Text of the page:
Leadership is hard enough without doing things to sabotage your own credibility, and yet I see people in positions of leadership doing just that everyday. How? Incivility. Rude, snarky, passive-aggressive, condescending, or just plain mean behavior. We don’t accept that behavior from our children, and yet a growing number of people in positions of leadership seem to think it is okay for them. It’s not.
When incivility goes unchecked, it spreads like a virus, especially when the “carrier” is someone in a position of leadership. Those of us who strive to be leaders bear a special responsibility to model the type of behavior we expect from our people. Let me be clear: Incivility has nothing to do with making difficult decisions, being firm in your convictions, having high standards, or whether or not you agree with someone. You can do all of those things and still conduct yourself in a manner that would make your mother proud.
Civility (or lack thereof) is far more a reflection on you than it is on the person with whom you are interacting. Your behavior is one of the primary ways others determine if you are someone they want to follow, someone they can trust to help them meet their goals and those of your organization. Your top performers are also the ones who have the highest bar for who they are willing to follow. People don’t leave organizations – they leave supervisors – and your best people will be the first to go if the leader fosters or allows a culture of incivility. That, my friends, is self-induced leadership sabotage.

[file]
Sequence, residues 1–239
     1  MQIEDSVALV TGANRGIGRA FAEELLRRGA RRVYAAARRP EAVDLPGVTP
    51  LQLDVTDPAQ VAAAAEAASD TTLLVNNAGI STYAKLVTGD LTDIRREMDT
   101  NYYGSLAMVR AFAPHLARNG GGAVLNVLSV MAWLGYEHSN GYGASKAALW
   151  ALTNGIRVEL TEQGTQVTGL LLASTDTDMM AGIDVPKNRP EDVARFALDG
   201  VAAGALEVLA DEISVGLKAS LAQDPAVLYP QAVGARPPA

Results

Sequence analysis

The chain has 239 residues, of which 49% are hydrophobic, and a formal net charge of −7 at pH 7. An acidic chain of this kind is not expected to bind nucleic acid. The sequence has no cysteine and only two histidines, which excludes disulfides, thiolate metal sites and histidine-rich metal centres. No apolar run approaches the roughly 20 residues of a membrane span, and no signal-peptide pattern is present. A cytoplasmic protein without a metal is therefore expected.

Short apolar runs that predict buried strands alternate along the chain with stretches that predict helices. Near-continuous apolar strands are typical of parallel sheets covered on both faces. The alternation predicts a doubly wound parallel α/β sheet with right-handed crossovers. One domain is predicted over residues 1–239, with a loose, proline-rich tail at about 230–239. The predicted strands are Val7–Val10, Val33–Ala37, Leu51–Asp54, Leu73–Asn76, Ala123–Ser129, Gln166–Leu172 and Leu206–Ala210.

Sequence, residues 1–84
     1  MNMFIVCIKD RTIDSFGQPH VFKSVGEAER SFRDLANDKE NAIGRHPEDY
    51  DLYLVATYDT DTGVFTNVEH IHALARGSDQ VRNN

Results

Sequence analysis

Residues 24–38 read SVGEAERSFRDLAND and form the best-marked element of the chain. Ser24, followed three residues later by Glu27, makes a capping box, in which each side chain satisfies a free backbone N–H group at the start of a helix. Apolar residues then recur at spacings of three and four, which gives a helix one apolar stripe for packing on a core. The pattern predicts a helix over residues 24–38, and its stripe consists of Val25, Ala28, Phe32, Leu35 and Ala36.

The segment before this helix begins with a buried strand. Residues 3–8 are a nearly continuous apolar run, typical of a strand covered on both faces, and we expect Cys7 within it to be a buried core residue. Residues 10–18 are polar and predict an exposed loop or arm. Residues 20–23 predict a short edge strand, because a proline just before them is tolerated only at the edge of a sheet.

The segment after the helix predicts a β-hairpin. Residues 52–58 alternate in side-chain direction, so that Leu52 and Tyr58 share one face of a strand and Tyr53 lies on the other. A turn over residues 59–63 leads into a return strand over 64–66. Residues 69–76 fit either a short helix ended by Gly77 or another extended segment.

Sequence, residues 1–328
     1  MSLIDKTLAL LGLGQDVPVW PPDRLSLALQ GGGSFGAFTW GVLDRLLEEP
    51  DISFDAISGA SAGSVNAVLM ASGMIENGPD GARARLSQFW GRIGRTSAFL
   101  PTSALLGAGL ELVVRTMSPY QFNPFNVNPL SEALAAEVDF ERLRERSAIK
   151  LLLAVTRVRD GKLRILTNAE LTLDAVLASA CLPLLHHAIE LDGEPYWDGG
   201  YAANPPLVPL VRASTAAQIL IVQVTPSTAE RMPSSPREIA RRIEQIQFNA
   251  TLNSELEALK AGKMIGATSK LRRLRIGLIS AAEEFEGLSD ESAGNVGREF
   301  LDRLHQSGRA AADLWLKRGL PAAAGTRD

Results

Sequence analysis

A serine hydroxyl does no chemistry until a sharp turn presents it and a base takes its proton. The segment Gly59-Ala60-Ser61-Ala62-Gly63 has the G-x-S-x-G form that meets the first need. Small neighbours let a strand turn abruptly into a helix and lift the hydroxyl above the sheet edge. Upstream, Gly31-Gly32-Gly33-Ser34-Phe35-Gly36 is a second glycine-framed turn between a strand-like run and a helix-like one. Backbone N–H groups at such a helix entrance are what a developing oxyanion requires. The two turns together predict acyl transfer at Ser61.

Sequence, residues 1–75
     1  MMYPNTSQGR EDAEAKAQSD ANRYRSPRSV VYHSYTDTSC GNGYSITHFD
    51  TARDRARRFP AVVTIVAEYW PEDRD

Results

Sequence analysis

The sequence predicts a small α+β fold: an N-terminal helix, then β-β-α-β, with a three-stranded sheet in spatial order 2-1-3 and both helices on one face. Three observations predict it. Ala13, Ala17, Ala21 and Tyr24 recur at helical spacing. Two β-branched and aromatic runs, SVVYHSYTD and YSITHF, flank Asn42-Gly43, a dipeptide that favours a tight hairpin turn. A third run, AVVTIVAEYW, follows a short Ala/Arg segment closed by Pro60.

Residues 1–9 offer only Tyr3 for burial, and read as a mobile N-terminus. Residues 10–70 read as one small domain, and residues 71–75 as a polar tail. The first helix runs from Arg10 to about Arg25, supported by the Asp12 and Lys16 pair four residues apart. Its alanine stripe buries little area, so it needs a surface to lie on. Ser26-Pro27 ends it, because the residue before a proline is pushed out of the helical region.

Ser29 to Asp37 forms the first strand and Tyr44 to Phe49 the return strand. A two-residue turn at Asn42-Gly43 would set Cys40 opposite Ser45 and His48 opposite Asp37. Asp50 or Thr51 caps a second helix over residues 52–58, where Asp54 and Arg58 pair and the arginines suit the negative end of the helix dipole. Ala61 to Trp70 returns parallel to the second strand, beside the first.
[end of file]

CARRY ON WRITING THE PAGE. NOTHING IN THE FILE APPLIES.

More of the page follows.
Civility keeps the focus where it should be — on the work at hand. Incivility is personal and pulls attention away from the issue that needs to be addressed. It takes a confident leader to be kinder than necessary while also moving the organization forward. It also takes a smart one. Supportive work environments increase staff engagement, productivity, and ultimately organizational success.
Sure we all have bad days and make the occasional comment we wish we had kept to ourselves. Leaders people want to follow apologize when that happens and make sure such behavior is the exception, not the rule. Incivility isn’t about “them.” It is about “us.” Be the example you would like to follow.